© Reuters. FILE PHOTO: Aboriginal groups’ members take part in a protest against what they say is a lack of detail and consultation on new heritage protection laws, after the Rio Tinto mining group destroyed ancient rock shelters for an iron ore mine last year, in P
MELBOURNE (Reuters) -Western Australian legislation aimed at better protecting Aboriginal heritage appears to fall short of international expectations, several investor groups said on Thursday, after the proposed changes came under fire from Indigenous groups.
Indigenous heritage protection has become a hot button issue globally since miner Rio Tinto (NYSE:) legally destroyed culturally significant rock shelters for an iron ore mine 18 months ago, sparking public outrage.
Resource-rich Western Australia unveiled its long-awaited revamp of heritage protection laws on Wednesday, but kept the final say over development decisions with a government minister, drawing criticism from Aboriginal groups.
Australian pension fund HESTA, the Australian Council of Superannuation Investors (ACSI), Regnan, the advisor to fund manager Pendal, and UK-based investment company abrdn pointed to opposition to the bill by traditional owners.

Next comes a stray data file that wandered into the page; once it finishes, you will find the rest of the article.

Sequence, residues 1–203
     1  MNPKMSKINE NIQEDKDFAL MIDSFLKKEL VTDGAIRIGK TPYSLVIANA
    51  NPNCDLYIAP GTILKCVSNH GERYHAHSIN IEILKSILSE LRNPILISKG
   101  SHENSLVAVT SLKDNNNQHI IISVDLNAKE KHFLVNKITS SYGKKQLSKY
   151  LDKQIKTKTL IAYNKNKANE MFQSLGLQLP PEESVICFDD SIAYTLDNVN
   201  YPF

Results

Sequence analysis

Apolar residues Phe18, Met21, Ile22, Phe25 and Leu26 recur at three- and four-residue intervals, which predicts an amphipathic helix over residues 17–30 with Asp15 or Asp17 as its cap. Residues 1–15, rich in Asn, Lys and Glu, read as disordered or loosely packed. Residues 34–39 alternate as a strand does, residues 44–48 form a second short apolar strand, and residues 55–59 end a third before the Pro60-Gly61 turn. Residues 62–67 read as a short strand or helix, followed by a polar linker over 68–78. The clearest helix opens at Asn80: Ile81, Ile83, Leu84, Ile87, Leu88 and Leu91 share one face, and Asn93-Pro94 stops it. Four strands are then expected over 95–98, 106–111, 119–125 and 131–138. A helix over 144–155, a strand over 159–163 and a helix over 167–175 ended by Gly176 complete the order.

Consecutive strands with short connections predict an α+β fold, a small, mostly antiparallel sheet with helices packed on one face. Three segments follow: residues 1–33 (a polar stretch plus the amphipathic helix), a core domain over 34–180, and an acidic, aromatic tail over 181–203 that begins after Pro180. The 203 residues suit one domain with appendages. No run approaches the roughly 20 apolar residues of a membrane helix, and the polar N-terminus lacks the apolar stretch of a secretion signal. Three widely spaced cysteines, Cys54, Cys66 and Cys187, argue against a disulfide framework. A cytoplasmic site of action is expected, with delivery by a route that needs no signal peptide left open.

“There is emerging consensus among representatives of First Nations peoples and the Responsible Investment industry that this version of the Western Australia bill sets the bar below international standards,” said Mary Delahunty, Head of Impact at HESTA.
Rock shelters that Rio destroyed at Juukan Gorge showed evidence of human habitation stretching back 46,000 years into the last Ice Age.
“Since Juukan Gorge drew their attention, global investors who are increasingly sensitive to such issues will be looking for whether Western Australia’s response properly prioritises human rights in cultural heritage,” Regnan head of advisory Susheela Peres da Cosa said in a statement.
“This bill is unlikely to meet their expectations.”
The state premier’s department said on Wednesday it will focus on reaching agreement with Aboriginal groups and on obtaining full, prior and informed consent for development.
An Australian inquiry into the Juukan Gorge destruction recommended a new national legal framework and for Aboriginal people to be the top decision makers on heritage issues.
Danielle Welsh-Rose, an ESG director at abrdn, said she was concerned the bill “may not meet the standard for genuine free, prior and informed consent.”
Western Australia produces more than half of the world’s traded iron ore, a key steel-making ingredient and Australia’s most lucrative export.
($1 = 1.3753 Australian dollars)
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U.S. stock market indices are down 1-2%
U.S. stock market indices declined yesterday on growing fears of a recession in the U.S. economy, with the S&P 500 index falling for the fourth consecutive time.